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Posted: December 06, 2011

The reluctant entrepreneur

Wearing too many hats? Consider outsourcing

Teri Karjala

You've stepped into private practice, so you haven't let fear overpower your determination. Determination is the force that feeds motivation and builds strength during times of weariness. However, the same determination that promotes strength can lead to weakness by putting too much energy into business operations and too little focus on your expertise - which is treating clients.

How do you know when it's time to take your hands off operations and focus on the practice? When is it time to outsource and what tasks do you handle or pass on to someone else?

In the beginning, you may find yourself working ridiculous hours for financial security. You're treating numerous patients, handling your QuickBooks, marketing your practice, taking phone calls and, in between patients, still squeezing in time for various speaking engagements. You have built a great foundation in helping people, yet you can't find a moment to breath and enjoy your life. Once you've reached the point of securing a financial cushion, it is time to consider outsourcing, so you can focus on what you love to do most, which is helping.

The entrepreneur is focused on building a profitable future: a good trait. However, if your head is always in the future, you will never accomplish anything in the now. As a manager, you're the glue of your business. The manager keeps track of the books, and pays the taxes and the other bills related to making sure you stay in business. Spending too much time in this area means it's a matter of time before you begin slacking in your core function.

The technician lives to work and enjoys taking on new tasks and receives pleasure from obtaining and completing tasks. The downside to this role is that it's easy to take on too much, which means you may well ultimately feel overwhelmed and quickly reach burn-out - not accomplishing anything.

How do you find balance and when do you start outsourcing? It's not a hard science and varies from practioner to practioner. My own decision to outsource didn't happen instantly or overnight but was and continues to be a gradual process. Gerber's book inspired me and I was left with this message which works: Take small steps in order to reach the finish line.

Michael Gerber, author of The E-Myth, encourages beginning with a company flow chart. The flow chart makes a list of all of the tasks or roles required to fulfill your business needs. Once these items have been listed, write your name beside each task/role you fill. As time progresses begin to think about how someone else can start to handle these roles and how someone who is a specialist within in these areas can add to the overall essence of your business.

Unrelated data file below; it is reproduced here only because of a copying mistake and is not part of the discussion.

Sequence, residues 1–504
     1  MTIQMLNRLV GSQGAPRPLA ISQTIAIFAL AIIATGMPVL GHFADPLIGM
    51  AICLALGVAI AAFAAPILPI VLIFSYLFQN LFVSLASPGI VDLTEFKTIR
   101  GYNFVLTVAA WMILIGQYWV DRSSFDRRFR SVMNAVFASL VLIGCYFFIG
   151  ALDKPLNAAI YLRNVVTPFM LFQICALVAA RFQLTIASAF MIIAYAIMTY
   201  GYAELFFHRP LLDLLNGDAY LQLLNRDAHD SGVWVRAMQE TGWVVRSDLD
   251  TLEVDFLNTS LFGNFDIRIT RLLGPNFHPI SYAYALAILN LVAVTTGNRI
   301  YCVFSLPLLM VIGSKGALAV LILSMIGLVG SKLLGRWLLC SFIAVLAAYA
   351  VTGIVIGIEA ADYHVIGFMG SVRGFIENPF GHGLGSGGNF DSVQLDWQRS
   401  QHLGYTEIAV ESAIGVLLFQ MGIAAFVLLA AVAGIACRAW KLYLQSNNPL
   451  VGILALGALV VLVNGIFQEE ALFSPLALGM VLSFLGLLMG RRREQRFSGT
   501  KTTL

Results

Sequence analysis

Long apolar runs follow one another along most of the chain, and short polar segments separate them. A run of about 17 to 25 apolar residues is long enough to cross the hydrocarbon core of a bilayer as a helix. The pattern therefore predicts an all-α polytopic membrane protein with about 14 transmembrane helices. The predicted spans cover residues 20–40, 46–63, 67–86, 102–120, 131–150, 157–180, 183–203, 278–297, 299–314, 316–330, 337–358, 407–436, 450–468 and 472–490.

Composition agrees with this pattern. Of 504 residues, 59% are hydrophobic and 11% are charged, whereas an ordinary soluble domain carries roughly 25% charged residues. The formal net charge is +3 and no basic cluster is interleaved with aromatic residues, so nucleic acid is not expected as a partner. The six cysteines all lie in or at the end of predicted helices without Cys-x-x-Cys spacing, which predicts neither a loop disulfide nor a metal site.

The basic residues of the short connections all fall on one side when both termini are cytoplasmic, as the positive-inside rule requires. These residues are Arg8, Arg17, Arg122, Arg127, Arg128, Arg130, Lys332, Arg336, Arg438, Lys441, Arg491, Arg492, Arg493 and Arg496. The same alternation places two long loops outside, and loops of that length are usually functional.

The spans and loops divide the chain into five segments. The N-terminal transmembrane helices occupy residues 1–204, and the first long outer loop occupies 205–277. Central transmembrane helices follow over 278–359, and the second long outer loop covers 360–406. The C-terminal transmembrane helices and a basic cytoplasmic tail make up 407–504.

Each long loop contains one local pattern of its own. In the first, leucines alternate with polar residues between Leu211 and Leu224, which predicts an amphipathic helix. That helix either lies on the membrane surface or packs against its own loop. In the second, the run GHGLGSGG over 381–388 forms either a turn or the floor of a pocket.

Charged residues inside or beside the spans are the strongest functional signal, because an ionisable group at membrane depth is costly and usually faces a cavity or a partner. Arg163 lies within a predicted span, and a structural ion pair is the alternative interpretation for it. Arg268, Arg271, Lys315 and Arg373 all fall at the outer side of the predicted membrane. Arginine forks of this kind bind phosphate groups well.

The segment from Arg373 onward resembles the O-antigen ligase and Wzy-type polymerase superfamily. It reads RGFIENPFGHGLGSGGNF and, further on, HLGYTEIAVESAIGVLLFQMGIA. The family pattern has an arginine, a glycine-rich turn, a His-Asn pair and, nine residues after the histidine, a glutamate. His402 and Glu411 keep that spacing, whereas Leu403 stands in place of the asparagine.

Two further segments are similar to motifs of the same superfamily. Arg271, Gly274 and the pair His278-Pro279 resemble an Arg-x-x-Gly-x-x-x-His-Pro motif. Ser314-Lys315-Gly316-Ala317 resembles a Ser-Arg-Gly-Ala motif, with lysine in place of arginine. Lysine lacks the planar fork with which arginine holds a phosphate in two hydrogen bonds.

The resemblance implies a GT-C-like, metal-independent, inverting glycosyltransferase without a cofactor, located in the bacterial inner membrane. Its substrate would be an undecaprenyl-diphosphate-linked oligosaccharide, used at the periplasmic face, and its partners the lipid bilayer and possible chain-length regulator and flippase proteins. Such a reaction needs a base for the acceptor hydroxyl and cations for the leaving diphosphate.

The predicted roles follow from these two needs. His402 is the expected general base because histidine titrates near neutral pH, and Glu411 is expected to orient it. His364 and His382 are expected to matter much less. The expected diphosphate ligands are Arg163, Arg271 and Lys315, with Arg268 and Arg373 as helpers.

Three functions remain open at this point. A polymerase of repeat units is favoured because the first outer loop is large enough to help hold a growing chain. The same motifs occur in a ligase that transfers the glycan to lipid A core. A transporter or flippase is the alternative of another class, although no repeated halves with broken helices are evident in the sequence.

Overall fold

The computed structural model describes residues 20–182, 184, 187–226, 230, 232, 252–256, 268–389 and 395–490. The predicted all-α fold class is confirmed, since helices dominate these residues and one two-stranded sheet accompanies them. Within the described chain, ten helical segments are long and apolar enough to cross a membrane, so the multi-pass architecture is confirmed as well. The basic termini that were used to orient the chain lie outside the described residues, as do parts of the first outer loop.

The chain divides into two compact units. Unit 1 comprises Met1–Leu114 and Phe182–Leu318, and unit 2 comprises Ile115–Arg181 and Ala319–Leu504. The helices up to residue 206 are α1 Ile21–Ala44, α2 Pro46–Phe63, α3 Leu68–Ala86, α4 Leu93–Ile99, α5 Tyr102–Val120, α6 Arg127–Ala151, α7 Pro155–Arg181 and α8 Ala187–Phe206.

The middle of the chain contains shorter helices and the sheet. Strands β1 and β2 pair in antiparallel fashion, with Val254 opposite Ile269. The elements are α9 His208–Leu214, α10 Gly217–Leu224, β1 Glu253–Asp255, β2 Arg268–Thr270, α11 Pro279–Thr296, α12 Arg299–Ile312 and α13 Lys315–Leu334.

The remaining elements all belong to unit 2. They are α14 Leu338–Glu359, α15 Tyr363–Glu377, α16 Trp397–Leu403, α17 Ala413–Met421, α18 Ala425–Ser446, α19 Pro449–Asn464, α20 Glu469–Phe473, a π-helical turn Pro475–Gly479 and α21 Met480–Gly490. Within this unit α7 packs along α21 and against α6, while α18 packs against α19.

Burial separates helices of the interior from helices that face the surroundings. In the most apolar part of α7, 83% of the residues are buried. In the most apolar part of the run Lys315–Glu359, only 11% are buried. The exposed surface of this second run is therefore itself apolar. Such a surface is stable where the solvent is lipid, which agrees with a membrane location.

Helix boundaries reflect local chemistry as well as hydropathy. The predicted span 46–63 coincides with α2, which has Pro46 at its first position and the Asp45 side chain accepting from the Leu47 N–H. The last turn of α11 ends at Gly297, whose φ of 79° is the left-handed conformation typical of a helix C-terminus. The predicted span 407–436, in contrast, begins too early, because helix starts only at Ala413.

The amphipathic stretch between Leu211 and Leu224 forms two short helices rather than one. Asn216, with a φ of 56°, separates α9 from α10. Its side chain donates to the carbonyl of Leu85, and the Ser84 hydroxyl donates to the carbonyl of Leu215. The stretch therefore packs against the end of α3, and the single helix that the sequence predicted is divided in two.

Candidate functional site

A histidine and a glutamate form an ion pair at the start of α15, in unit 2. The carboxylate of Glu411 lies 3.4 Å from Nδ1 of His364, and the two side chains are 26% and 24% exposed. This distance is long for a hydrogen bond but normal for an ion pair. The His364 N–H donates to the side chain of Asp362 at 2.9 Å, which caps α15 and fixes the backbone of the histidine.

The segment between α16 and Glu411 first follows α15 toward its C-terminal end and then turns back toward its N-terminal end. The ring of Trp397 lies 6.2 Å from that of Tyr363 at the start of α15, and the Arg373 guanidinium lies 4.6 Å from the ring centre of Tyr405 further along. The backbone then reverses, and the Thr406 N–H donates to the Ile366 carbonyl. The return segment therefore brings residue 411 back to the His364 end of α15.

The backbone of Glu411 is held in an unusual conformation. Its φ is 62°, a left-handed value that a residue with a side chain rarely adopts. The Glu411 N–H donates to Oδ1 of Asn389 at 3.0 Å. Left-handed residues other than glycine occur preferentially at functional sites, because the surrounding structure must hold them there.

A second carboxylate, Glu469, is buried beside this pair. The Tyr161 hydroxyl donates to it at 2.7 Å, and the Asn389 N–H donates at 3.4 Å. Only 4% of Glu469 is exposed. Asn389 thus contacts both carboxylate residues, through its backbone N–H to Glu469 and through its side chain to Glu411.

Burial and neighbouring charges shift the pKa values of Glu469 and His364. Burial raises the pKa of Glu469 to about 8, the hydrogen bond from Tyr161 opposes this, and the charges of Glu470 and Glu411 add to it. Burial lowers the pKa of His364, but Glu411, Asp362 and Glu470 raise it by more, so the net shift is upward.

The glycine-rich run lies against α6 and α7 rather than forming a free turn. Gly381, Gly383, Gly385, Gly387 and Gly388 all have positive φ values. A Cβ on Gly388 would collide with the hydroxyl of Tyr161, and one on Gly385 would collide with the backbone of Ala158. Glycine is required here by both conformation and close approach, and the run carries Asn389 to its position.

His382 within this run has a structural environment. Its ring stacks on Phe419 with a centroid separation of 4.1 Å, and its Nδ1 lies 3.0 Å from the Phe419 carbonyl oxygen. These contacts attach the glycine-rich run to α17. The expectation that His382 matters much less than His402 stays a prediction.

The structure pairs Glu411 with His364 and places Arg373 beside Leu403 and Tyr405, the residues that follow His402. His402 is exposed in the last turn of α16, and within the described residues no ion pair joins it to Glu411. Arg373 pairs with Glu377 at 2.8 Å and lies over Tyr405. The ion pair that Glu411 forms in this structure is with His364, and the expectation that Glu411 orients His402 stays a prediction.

I chose to start with an area I found to be very daunting, QuickBooks. After teaching myself the software for nearly one year, let's just say once the 365th day hit the calendar I was ready to move on and handed it over to someone who enjoyed doing it. Interestingly enough as a more experienced individual took over this task they quickly found minor mistakes I made over the past year. Instead of feeling embarrassed that I made errors, I had peace of mind knowing the task was being done correctly and I could spend more time on other areas within my practice.

Other professionals you may consider outsourcing services to include: accountants, business attorneys, marketing and development (if you're planning to grow), a social media expert, or a sales person. Keep in mind that whoever you outsource to they should have a clear understanding of your businesses mission and vision and are willing to make a commitment as an extension of your personal reflection. They need to be there, in large part, to help your business flourish.

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Teri Karjala is owner of the Creative Counseling Center, LLC, as well as Talking With Teri, LLC. Teri’s passion for the business aspects of owning and maintaining a business has made her a sought out coach by others in the helping fields. She is a regular columnist for ColoradoBiz Magazine and speaks to therapists across the nation in building their thriving practice. Recently she has released her “How to Live Deliciously” Creative Journal Series to help inspire and empower adults, teens, and children. These are available in print at www.talkingwithteri.com.

Enjoy this article? Sign up to get ColoradoBiz Exclusives. The opinions expressed in this article are solely that of the author and do not represent ColoradoBiz magazine. Comments on articles will be removed if they include personal attacks.

Readers Respond

Teri, I couldn't agree with you more. Too often we see many small businesses struggle because the founder is trying to do things that are not his/her specialty. The company is successful only if the experts focus on what they are good at. Your QuickBooks comment is an excellent example. By Mike Anderson on 2011 12 06

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